The teams and their locos
New entrants to the challenge this year were the Universities of Sheffield and Southampton and the Swindon-based TE Connectivity. The Sheffield team consisted of first and second year mechanical engineering students led by David Roebuck. Their locomotive was powered by a petrol power pack. It had a low, below- axle bogie frame and did not have an energy recovery system which is being developed for the 2016 challenge.
The Southampton team, led by Mitch Clark, was made up of 12 final-year mechanical engineering students. According to Mitch, their biggest challenge was that they “were all mechanical engineers”. Despite this, they had developed a hybrid locomotive which used a modestly- powered 2.8kW petrol generator, super-capacitor and batteries to deliver a peak 14kW output with a ‘get you home’ facility. The remote Wi-Fi control system could control the locomotive from up to 100 metres.
TE Connectivity had a team of six graduate engineers led by Matthew James. Their locomotive was a four- wheeled locomotive with rubber bush suspension. Its control system used a Raspberry Pi computer whilst an Arduino platform was used to monitor sensors for condition monitoring.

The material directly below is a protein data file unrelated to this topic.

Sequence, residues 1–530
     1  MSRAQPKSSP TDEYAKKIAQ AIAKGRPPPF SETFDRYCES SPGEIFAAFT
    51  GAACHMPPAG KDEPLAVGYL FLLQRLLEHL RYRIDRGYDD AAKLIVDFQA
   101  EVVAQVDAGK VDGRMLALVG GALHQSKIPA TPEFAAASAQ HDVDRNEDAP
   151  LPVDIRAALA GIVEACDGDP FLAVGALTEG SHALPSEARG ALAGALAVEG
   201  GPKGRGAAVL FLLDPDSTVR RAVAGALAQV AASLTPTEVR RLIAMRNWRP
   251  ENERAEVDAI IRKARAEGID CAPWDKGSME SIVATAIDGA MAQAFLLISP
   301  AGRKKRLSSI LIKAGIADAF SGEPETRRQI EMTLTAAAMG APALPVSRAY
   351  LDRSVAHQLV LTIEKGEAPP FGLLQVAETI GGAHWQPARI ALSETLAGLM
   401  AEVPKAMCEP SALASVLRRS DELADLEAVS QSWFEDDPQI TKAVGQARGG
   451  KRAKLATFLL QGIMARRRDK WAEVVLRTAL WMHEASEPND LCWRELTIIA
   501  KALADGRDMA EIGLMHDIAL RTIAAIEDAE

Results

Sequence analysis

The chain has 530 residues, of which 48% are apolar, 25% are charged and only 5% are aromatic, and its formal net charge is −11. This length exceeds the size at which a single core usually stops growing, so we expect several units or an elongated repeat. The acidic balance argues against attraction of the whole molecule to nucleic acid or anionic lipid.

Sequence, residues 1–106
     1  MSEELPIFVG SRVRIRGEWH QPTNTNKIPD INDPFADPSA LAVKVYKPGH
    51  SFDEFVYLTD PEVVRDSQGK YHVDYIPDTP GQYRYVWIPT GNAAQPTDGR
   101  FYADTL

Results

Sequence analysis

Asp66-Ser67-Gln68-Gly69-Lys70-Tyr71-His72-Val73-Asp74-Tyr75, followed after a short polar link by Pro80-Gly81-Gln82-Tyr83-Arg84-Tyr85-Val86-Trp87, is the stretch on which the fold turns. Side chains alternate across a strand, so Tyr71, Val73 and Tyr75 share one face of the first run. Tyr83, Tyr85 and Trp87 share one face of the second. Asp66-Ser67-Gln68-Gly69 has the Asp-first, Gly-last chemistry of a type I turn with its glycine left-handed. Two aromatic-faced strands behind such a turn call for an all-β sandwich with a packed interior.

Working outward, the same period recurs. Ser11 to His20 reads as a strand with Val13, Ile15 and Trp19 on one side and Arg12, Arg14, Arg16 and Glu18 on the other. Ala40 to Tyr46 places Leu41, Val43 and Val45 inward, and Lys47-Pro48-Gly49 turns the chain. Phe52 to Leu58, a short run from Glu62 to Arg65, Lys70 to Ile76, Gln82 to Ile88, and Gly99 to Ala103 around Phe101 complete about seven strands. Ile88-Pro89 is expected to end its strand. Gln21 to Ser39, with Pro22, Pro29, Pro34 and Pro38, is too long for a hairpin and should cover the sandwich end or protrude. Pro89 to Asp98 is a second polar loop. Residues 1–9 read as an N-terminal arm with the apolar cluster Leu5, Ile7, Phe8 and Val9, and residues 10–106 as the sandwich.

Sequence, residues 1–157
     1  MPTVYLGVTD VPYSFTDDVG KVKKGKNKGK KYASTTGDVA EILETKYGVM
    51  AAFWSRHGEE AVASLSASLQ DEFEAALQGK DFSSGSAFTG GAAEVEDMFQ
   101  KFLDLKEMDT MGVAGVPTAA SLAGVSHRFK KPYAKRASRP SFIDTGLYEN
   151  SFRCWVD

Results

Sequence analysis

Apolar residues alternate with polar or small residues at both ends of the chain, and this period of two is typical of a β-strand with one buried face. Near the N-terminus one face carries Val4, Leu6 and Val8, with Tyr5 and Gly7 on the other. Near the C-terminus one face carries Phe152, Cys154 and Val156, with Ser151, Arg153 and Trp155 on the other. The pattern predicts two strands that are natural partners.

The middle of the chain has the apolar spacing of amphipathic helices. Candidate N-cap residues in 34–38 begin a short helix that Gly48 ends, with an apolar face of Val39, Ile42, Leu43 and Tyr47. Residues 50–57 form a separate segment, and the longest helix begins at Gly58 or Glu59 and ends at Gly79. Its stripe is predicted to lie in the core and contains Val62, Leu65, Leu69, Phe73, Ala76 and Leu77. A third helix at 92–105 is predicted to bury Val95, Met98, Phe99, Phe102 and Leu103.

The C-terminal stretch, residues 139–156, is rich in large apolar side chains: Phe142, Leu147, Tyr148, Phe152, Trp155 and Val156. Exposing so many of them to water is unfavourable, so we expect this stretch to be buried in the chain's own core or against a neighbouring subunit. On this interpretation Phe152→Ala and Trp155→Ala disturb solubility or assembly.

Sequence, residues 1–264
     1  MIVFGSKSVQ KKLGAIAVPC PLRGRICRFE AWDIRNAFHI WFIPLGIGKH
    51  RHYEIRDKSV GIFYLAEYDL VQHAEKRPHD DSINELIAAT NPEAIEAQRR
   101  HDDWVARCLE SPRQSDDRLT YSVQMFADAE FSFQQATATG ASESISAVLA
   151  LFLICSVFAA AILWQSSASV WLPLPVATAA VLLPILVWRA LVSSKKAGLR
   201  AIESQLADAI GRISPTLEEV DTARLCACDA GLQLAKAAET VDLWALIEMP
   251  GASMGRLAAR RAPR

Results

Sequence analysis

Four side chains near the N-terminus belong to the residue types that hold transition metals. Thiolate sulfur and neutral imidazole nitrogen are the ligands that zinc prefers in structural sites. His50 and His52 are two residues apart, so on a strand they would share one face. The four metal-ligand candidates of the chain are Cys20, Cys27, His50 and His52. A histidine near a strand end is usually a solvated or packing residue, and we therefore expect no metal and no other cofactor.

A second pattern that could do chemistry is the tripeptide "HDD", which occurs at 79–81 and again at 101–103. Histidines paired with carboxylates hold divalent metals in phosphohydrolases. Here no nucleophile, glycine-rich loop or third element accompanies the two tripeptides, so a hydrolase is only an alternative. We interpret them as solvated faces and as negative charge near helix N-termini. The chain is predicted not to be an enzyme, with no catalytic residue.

Interfleet was the winner of the first challenge in 2012 and has participated in every challenge since. Its team was made up of seven mechanical and electrical engineers who joined the company in August, led by Peter Bryant. This locomotive was also a hybrid with 3.6kW peak power. Due to its aluminium construction, it weighed only 380 kg.
The University of Birmingham’s four-wheeled locomotive was powered by a 4.5kW hydrogen fuel cell. Another novel feature of this locomotive was its silicon carbide inverter. Ivan Krastev led their team of ten students.
The University of Huddersfield locomotive won the challenge in 2013. This year the team was made up of eight final year students, led by Eduardo Samuel Matthew, who had each undertaken projects to improve the locomotive. This included the provision of a secondary air suspension and a more reliable design of their unique axle-mounted coil spring energy recovery system.
Last year’s winner TfL fielded a team of nine graduates and nine apprentices led by project manager Bejal Mandalia. Their locomotive had an innovative hydro-pneumatic energy recovery system. Since last year, the locomotive had been rebuilt to a new lightweight design to reduce its weight from 1000kg to 532kg.